Jensen is both attractive and capable, and she's very easy to take. But her grief is never really genuine, and not because of the actress (okay, her reaction when discovering her dead husband is far from impressive) but because the screenplay hasn't given her enough in the way of underpinnings to root the character in anything other than a standardized woman-in-peril template, so we have little emotional stake in her. As the worrisome Lana, Stone is inexpressive and wooden, but Buckner, as the flirty and spunky Vicki, manages to give her scenes some kick, especially when paired with Jeff East, who appealingly plays Jim's brother and whose character is tantalized and infatuated with Vicky. A whole movie could have been made with just these two because they have chemistry and get a real relationship going with the audience in a short amount of time. The majority of the proceedings, however, are dedicated to trite and tired point-of-view shots of someone slowly creeping upon the women when they're most vulnerable; and because Craven is so dedicated to making a "classy" and "respectful" production, he doesn't get down and dirty and inject these with the elan that would unnervingly work us over. There's a considerable chasm between intent and delivery throughout Deadly Blessing -- you simply don't know how to react to it because Craven hasn't engineered it for any readily apparent purpose.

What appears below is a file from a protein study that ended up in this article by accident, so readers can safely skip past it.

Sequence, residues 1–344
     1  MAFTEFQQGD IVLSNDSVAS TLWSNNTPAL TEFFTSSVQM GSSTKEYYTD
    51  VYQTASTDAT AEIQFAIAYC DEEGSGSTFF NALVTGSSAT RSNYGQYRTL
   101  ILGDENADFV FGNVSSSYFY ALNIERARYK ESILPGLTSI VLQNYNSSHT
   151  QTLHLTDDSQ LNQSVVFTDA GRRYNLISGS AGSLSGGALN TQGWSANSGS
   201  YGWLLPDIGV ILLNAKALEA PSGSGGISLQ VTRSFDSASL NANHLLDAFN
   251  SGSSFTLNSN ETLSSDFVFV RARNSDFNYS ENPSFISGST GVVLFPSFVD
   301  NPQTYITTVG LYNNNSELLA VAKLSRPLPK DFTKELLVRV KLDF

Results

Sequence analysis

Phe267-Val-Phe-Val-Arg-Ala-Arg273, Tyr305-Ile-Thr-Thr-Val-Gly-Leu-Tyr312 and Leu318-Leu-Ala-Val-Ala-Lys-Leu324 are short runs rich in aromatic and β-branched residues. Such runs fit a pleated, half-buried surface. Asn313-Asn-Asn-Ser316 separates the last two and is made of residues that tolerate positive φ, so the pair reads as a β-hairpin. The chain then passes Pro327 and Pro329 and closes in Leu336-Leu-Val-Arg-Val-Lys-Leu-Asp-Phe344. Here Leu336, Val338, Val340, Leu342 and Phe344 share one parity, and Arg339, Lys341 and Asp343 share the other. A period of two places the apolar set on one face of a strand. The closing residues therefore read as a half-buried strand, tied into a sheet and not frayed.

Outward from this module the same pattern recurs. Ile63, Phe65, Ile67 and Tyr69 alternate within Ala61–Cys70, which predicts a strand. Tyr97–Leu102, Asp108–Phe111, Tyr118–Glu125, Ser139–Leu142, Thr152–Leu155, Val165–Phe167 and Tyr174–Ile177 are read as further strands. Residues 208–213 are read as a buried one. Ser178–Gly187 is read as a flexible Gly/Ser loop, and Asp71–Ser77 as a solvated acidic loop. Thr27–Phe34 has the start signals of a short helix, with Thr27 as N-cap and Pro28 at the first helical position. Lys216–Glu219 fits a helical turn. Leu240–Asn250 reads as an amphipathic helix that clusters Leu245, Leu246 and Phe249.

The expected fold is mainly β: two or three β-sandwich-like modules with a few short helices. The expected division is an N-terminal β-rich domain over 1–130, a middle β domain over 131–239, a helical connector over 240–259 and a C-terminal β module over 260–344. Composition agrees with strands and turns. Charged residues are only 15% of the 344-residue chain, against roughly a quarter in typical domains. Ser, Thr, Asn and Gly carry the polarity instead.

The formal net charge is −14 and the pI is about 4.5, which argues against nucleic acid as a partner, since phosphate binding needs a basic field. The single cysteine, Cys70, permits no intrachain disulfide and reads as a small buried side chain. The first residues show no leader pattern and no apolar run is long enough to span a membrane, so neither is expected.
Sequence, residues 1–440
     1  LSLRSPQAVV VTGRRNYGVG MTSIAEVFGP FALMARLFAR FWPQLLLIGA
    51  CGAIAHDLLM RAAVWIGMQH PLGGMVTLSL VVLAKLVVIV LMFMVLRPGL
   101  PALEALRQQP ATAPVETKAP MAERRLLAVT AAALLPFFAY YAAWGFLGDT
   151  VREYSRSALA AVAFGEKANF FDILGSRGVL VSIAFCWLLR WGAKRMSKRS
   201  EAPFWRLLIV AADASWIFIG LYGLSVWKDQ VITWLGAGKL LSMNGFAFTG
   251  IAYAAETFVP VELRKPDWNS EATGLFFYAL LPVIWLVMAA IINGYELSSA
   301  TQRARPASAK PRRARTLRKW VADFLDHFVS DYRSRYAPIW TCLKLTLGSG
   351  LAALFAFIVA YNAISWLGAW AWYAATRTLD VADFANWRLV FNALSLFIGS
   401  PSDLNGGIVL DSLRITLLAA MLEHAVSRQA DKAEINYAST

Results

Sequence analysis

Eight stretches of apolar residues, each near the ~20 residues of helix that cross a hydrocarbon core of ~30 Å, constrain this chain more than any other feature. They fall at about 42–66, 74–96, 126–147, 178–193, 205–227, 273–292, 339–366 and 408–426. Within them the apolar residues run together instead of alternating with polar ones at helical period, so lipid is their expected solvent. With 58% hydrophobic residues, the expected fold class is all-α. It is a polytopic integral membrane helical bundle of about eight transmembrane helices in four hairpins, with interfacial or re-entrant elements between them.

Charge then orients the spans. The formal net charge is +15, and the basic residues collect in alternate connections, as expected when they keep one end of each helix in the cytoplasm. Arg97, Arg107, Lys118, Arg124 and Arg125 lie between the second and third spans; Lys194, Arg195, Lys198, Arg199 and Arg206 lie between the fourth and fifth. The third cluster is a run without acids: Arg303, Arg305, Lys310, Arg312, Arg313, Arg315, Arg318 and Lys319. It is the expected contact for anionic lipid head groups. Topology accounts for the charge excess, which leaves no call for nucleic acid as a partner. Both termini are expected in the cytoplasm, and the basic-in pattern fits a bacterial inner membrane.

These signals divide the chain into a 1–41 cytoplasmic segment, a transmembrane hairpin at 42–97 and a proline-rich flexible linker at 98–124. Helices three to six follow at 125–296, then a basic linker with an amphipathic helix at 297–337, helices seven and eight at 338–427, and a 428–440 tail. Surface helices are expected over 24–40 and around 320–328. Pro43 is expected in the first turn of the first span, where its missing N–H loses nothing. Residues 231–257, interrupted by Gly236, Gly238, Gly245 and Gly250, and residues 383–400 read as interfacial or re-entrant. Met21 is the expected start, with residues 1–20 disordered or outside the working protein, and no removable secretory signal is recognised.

If a studio executive ordered up a horror that would have the least chance of offending anyone while still eking out an R rating, this is how it would conceivably come out. There's a brief early-on sex scene that's filmed too close in that's not even fourth-rate Harold Robbins and is about as erotic as a sandpaper massage, a T&A bit involving a Hittite spying on Martha from outside her bedroom window as she's undressing (with Jensen displaying an admittedly spectacular tush) that comes to an end right when it's starting to elicit libidinous moans, a couple of kill sequences hindered by some truly faulty timing, a final confrontation between heroine and villain that's so confusingly put together I had a problem discerning exactly who was possessed and why, and a "Gotcha!" shock ending that would be horrendous if it weren't so hilarious with ultra-rotten special effects. (I haven't even gone into an asinine action sequence where a moving car catches fire and the person driving doesn't bother to just open the door and bail out.) Deadly Blessing is bound to disappoint fans of the genre for lack of gore and scares, and non-horror fans who might think some non-sloppy writing and believable characters are in store. Then again, this is a mishmash of a movie where the inept Barr from TV's The Fall Guy is intended to convey magnetism and romantic appeal before his untimely demise. A tall order the size of the Eiffel Tower if there ever was one, this.

Well, I guess freeze-framing and salivating over Jensen's A-plus nude bottom is worth a few seconds of your time.

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originally posted: 11/26/11 09:15:37
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User Comments

9/16/17 morris campbell ODDBALL BUT GOOD 4 stars
2/05/13 action movie fan a few good scares maybe deadly but no blessing 2 stars
12/29/02 Jack Sommersby It's a botch, but Maren Jensen is extraordinarily beautiful. 2 stars
1/17/02 David A. Very Effective Horror, but incorrectly defined "Incubus." It made me jump a few times. 5 stars
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  14-Aug-1981 (R)